As Easter Sunday approaches, there are dangers for our cats and dogs that we can fail to notice.
Clare Hamilton, the founder of Cherry Tree Vets, provides advice and insight on the hidden dangers of Easter for our pets and what responsible pet owners can do to ensure that their pets are safe. After all, our pets should be able to enjoy the extra attention this Easter.
While a day full of family, overloading on chocolate, and enjoying hot cross buns sounds delightful for us, it is important to remember to remain responsible when it comes to our dogs and cats. To keep our pets safe during a day full of food and fun, I have some advice on how to keep your four legged friends safe throughout the day and what four dangers you need to watch out for.
Easter Sunday means for a lot of us, that chocolate Easter eggs will be shared and devoured. We love giving chocolates as a gift to friends and family, and we love receiving them. But for our pets, these treats are poisonous. Your pet might notice you popping a piece of chocolate in your mouth, but if your companion takes a bite, it could be deadly!
One common toxic component in chocolate is theobromine. Humans can digest theobromine but our pets process it much more slowly and it can poison them. Whilst your pet might not eat a large quantity of chocolate, even a small amount can be dangerous, resulting in diahorrea or vomiting. Mild signs of poisoning can occur in animals depending on the amount ingested and the animal’s bodyweight.
To prevent your pet from eating chocolate, make sure that it is out of reach. If your dog or cat is curious and likes to search for food that you do not want them to eat, then we suggest hiding it.
As a fruit, pet owners may think that their cats and dogs can be treated to a little currant from their hot cross bun. WRONG! Currants, like raisins and grapes, are very toxic to dogs and cats. The main risk pets have to ingested currants is severe acute kidney failure. All types of currants can result in this occurring for your pet. Even organic currants can result in toxicity. The toxicity is not necessarily dose-dependent and symptoms can occur from even the smallest ingestions.
To prevent your pet from being urgently rushed to the vet, we suggest eating your hot cross buns away from your pet. If you are near your pet and eating, eat a table and ensure your food is on your plate. We suggest this because if you were eating on the sofa, it is more likely to crumble with currants accidentally falling on the floor creating an enormous danger if it isn’t picked up immediately and your pet devours it.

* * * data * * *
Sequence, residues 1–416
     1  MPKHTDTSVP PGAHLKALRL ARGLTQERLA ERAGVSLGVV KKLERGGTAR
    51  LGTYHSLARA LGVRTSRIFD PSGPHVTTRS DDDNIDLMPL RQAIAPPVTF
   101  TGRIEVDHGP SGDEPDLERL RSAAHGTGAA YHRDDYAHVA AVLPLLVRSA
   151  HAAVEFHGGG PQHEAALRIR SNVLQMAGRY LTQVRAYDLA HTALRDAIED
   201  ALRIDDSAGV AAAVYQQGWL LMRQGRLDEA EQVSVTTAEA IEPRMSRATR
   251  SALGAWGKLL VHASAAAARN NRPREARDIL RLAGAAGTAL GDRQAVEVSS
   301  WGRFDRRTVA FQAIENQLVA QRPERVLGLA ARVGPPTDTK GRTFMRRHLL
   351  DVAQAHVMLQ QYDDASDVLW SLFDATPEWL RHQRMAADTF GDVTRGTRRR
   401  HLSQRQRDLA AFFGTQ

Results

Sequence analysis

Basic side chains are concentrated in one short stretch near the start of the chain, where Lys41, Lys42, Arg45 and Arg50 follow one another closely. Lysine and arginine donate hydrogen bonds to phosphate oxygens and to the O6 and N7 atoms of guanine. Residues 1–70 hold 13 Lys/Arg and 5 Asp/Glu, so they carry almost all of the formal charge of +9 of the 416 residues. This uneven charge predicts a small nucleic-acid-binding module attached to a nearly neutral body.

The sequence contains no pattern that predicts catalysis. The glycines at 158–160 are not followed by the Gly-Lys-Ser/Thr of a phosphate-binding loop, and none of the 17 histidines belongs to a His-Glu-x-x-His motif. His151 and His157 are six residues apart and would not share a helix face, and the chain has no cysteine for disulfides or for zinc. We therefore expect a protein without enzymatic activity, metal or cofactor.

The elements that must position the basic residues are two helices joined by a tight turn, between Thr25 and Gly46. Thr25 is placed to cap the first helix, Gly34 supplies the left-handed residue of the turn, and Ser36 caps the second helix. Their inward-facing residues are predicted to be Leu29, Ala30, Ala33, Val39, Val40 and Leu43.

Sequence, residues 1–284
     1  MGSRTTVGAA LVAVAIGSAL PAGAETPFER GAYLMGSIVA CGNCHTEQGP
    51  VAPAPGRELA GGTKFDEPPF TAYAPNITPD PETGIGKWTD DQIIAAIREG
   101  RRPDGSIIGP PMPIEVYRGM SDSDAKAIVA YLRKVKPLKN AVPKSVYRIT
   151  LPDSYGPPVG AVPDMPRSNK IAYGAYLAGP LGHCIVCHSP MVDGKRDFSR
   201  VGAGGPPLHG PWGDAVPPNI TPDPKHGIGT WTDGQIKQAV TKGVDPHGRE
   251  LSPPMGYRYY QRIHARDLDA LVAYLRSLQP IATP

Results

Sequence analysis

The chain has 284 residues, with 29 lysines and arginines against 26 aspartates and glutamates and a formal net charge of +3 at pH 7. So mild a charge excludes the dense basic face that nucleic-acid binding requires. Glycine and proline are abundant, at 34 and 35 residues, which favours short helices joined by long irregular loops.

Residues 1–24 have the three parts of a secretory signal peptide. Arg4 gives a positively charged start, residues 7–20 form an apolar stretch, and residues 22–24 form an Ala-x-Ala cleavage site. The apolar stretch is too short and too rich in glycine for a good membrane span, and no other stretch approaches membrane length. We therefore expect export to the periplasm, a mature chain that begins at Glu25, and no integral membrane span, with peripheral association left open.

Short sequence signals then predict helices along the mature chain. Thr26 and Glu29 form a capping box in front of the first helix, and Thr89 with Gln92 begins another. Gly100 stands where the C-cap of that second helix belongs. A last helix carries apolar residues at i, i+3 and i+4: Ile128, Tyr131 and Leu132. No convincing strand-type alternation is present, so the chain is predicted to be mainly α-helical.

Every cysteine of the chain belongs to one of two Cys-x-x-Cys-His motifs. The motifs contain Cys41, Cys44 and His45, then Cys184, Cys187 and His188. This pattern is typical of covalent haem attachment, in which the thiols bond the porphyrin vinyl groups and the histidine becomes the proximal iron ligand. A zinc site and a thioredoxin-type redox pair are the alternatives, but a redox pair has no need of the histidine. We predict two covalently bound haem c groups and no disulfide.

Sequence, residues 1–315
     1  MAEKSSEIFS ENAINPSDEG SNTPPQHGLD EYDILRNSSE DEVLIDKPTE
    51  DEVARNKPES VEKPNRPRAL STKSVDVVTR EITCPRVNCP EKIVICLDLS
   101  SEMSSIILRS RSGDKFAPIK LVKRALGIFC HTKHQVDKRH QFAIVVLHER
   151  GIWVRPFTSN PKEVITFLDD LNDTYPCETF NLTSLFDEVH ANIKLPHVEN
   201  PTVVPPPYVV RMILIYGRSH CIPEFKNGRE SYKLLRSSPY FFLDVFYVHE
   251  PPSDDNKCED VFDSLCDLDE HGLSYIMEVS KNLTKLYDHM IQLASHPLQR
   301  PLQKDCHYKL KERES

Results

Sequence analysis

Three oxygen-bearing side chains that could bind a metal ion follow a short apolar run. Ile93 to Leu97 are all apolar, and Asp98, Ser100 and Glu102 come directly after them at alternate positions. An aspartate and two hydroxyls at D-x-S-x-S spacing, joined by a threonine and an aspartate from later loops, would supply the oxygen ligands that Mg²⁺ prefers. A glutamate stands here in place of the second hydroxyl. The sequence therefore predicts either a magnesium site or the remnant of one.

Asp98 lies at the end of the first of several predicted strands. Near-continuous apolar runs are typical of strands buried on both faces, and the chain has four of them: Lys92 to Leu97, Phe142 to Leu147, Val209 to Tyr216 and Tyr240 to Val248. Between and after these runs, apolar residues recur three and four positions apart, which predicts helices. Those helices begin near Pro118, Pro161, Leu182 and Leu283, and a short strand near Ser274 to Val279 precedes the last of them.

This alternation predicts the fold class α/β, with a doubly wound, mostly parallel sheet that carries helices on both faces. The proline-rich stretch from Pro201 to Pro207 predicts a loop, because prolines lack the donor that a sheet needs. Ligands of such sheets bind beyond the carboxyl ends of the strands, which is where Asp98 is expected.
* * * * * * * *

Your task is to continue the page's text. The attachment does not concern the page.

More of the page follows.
When gifted with Easter Eggs, cats and dogs can be drawn to the cardboard boxes they are packaged in. Cats in particular are incredibly adapt at fitting into small spaces, so be sure to dispose of your boxes straightaway to prevent your cat from being stuck in a box or panicking after having taken up camp there.
4. Spring bulbs
Easter is the perfect time of year to gift Spring flowers to those who aren’t a fan of chocolate. But make sure you keep them out of reach of your dog, particularly if they enjoy chewing or digging in the garden.
What you may not know is that Daffodils are poisonous to dogs and cats. If they eat the bulbs or flowers, or drink water from a vase with daffodils in. The result of this is that your pet can get an extremely upset stomach which can make them vomit, make them sleepy, and very wobbly on their feet. A dog that has been poisoned by daffodils might also be prone to having fits.
We suggest keeping your dog and cat out of the garden if they are prone to digging and chewing. If they need to go outside, then we suggest staying in the garden with them and being extremely observant when they are around spring flowers.
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Jennifer is the Deputy Editor (Digital) for Homes & Gardens online. Prior to her current position, she completed various short courses a KLC Design School, and wrote across sister brands Ideal Home, LivingEtc, 25 Beautiful Homes, Country Homes & Interiors, and Style at Home.
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